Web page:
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Shaikh Ahmed Shaikh Mahomed Ashraf Vs. Bai Fatma - Court Judgment

LegalCrystal Citation
SubjectCriminal
CourtMumbai
Decided On
Case NumberCriminal Revisional Application No. 182 of 1942
Judge
Reported inAIR1943Bom48; (1942)44BOMLR919
AppellantShaikh Ahmed Shaikh Mahomed Ashraf
RespondentBai Fatma
Excerpt:
criminal procedure code (act v of 1898), section 488--'child'--interpretation--child of any age--child not limited to minority--maintenance order.;the word 'child', used in section 488 of the criminal procedure code, 1898, is used with reference to the father, and has no qualification of age--the only qualification being that the child must be unable to maintain itself. the word is not confined to a child who is under the age of majority.;krishnaswami ayyar v. chandravadana (1913) i.l.r. 37 mad. 565 and hemantakumar banerji v. manorama debee (1935) i.l.r. 62 cal. 639 dissented from. - .....chandravadana (1913) i.l.r. 37 mad. 565 where the learned judge expressed the opinion that, as the word 'child' has not been defined in the criminal procedure code, it means in section 488 a person who has not reached full age. a similar opinion was expressed by a learned judge of the calcutta high court in hemantakumar banerji v. manorama debee (1935) i.l.r. 62 cal. 639.3. the word 'child' according to its use in the english language has different meanings, according to the context. if used without reference to parentage, it is generally synonymous with the word 'infant', and means a person who has not attained the age of majority. sometimes it may be used in a context which shows that it refers to quite young children, for instance, a notice that 'children are not admitted to this.....
Judgment:

1. This is an application in revision against an order made by the Sessions Judge of Surat upholding the order of the Sub-divisional Magistrate directing the applicant to pay maintenance to his son and daughter under Section 488 of the Criminal Procedure Code.

The daughter is aged twenty-one, and the point, which is taken on this application, is that Section 488 is confined to minors. The section provides that if any person having sufficient means neglects or refuses to maintain his wife or his legitimate or illegitimate child unable to maintain itself, an order can be made.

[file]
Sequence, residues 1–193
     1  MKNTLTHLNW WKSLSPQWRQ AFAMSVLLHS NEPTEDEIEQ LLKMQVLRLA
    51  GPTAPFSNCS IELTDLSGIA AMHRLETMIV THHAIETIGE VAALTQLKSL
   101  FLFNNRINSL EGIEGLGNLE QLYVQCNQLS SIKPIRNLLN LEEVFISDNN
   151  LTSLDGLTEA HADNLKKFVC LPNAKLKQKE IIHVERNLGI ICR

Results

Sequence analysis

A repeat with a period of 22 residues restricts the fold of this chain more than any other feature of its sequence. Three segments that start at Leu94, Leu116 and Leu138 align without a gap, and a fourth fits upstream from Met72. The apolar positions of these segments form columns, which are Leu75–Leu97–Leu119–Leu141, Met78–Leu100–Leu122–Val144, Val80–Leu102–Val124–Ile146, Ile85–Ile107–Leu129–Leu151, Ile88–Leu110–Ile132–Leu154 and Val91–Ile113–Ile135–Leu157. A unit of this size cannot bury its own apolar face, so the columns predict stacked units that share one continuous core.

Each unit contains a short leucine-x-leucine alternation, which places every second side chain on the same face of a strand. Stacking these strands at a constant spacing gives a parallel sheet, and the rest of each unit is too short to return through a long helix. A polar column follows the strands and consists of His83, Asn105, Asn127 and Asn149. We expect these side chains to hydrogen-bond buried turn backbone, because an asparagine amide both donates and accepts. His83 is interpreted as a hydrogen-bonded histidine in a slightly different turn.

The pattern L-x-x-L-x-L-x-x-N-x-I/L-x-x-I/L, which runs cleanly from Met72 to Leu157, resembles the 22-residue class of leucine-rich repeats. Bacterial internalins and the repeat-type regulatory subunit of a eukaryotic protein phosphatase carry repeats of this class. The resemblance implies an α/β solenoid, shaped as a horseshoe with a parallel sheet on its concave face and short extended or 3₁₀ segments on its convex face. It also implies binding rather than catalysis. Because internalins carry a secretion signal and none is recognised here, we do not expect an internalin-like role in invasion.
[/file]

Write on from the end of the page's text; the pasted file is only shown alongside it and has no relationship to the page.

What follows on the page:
2. We were referred by Mr. Thakor to the caste of Krishnaswami Ayyar v. Chandravadana (1913) I.L.R. 37 Mad. 565 where the learned Judge expressed the opinion that, as the word 'child' has not been defined in the Criminal Procedure Code, it means in Section 488 a person who has not reached full age. A similar opinion was expressed by a learned Judge of the Calcutta High Court in Hemantakumar Banerji v. Manorama Debee (1935) I.L.R. 62 Cal. 639.

3. The word 'child' according to its use in the English language has different meanings, according to the context. If used without reference to parentage, it is generally synonymous with the word 'infant', and means a person who has not attained the age of majority. Sometimes it may be used in a context which shows that it refers to quite young children, for instance, a notice that 'children are not admitted to this enclosure' would hardly be held to apply to young persons of eighteen to twenty; it would mean children who are too young to look after themselves. Where the word 'child' is used with reference to parentage, it means a descendant of the first degree, a son or a daughter, and has no reference to age. In certain contexts it may include descendants of more remote degree, and be equivalent to 'issue'. But, at any rate, where the word 'child' is used in conjunction with parentage, it is not concerned with age. No one would suggest that a gift 'to all my children' or 'to all the children of A' should be confined to minor children. In Section 488 of the Criminal Procedure Code the word is used with reference to the father. There is no qualification of age; the only qualification is that the child must be unable to maintain itself. In my opinion, there is no justification for saying that this section is confined to children who are under the age of majority.

4. On the merits of the case, inasmuch as the daughter is a pardmashin girl, I think the learned Judge was right in saying that she is a child unable to maintain herself. The boy is aged only fourteen, and although he has been sent abroad, that seems to me to afford no ground for relieving his father from the obligation of maintaining him.

5. The application, therefore, must be rejected.

Wassoodew, J.

1. I agree.


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